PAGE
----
Tuesday, July 27, 2010

My First 2nd Production

A 10-minute play I wrote a few years ago called "A Little Light Roleplay" is part of an evening called 8 Midsummer Quickies every Saturday night through September 4 at Psychic Visions Theatre in Culver City. Check out that website for details.

Congrats

to Leslye Headland on her rave in the NYTimes of Bachelorette, one in a cycle of her plays inspired by The Seven Deadly Sins. Bachelorette is a play that premiered out here in L.A. with her company, IAMA. Maybe its success will poke another hole in the presumption that work coming out of L.A. arrives in New York at a disadvantage with critics and audiences.

Of course now I'm kicking myself for not getting to Bachelorette when it was onstage out here. I saw her Surfer Girl and found it quite interesting. I'll have to get to the next one when it goes up.

Thursday, July 22, 2010

Wednesday, July 21, 2010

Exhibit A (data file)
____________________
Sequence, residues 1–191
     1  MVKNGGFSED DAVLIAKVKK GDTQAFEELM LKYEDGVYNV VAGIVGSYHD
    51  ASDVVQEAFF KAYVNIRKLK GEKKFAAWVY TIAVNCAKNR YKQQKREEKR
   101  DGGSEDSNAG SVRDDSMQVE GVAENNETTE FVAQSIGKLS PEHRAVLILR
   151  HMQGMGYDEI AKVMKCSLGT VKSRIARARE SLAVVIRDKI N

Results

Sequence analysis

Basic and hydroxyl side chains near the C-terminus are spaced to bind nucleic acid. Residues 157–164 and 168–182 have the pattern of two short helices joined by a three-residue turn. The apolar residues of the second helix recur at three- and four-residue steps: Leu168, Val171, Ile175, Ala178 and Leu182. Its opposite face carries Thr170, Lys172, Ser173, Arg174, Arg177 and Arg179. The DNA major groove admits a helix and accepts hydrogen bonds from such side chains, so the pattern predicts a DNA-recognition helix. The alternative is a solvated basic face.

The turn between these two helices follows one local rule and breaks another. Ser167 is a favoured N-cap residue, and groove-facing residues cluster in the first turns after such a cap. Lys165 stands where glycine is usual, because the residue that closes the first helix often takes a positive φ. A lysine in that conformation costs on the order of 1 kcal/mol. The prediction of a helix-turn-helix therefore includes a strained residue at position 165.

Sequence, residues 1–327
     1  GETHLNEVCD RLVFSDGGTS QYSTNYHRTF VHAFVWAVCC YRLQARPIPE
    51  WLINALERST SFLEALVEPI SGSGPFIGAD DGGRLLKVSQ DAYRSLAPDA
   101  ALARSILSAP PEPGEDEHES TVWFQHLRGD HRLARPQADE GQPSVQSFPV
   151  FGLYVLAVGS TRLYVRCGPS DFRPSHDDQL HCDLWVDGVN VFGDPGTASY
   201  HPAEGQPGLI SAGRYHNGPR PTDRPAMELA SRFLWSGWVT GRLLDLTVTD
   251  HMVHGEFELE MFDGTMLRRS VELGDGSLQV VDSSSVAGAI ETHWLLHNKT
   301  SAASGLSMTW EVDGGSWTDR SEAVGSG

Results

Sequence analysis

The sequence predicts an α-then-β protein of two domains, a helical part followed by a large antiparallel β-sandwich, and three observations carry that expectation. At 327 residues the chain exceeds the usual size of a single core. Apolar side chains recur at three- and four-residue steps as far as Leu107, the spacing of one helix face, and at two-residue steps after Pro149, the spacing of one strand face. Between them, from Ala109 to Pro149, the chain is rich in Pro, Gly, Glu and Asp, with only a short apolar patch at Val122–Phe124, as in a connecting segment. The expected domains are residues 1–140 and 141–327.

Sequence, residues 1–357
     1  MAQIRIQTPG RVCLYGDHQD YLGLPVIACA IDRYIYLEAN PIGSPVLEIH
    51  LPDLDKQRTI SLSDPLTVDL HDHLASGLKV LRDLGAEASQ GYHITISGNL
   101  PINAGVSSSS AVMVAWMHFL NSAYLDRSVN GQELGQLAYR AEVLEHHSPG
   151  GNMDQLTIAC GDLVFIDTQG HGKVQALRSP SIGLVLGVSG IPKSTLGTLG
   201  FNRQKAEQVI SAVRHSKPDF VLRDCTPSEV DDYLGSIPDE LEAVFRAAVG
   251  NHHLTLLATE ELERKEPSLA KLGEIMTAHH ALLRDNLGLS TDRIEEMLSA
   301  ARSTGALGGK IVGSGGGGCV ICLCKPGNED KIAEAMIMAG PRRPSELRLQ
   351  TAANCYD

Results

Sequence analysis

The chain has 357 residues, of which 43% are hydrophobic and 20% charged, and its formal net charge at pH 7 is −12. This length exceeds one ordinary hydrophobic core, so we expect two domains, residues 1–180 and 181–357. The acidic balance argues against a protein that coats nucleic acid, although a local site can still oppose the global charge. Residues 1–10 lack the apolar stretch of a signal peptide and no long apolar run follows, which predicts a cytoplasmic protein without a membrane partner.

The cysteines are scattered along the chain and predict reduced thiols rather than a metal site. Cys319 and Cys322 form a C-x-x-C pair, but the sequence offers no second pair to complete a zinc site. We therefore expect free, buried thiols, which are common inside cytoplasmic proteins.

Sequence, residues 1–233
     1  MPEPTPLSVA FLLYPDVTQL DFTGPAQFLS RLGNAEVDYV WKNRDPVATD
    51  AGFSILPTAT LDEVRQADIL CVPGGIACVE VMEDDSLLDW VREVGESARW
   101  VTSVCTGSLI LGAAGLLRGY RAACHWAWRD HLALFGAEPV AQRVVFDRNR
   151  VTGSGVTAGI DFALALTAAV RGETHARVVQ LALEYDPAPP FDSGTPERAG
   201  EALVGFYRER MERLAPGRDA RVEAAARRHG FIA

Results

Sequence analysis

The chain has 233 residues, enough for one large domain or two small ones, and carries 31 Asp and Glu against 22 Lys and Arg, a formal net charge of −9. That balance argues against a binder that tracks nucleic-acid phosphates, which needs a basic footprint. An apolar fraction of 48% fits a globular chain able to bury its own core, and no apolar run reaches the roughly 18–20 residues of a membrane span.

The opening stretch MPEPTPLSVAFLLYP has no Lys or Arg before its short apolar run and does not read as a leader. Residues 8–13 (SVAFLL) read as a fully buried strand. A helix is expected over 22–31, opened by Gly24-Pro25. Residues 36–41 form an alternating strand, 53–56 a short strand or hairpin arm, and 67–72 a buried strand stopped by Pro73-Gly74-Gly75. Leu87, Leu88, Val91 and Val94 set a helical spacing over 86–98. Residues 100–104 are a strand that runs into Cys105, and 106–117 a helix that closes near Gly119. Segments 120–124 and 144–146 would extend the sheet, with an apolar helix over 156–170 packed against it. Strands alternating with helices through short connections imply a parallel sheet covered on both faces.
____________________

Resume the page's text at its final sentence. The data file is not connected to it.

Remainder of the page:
Sam Shepard on James Gammon

There's a nice memorial by Sam Shepard of the late actor James Gammon at the LATimes Culture Monster blog. Here's a sample:

Sam Shepard first set eyes on his friend James Gammon at the MET Theatre in Los Angeles, a 50-seat house the playwright remembers as “almost like a little hallway.”

...

Gammon, who died Friday at 70 in Costa Mesa, surrounded by his family at the end of his fight with cancer, was once described in the Christian Science Monitor as “the perfect Shepard actor.”

Shepard said he knew that as soon as he saw Gammon enter as the drunk and yelling Weston, the father in the MET’s 1979 West Coast premiere of “Curse of the Starving Class.”

“This guy walked on stage, and it’s as if everybody else in the play disappeared, as if he had stumbled in from an alleyway and just was this character.”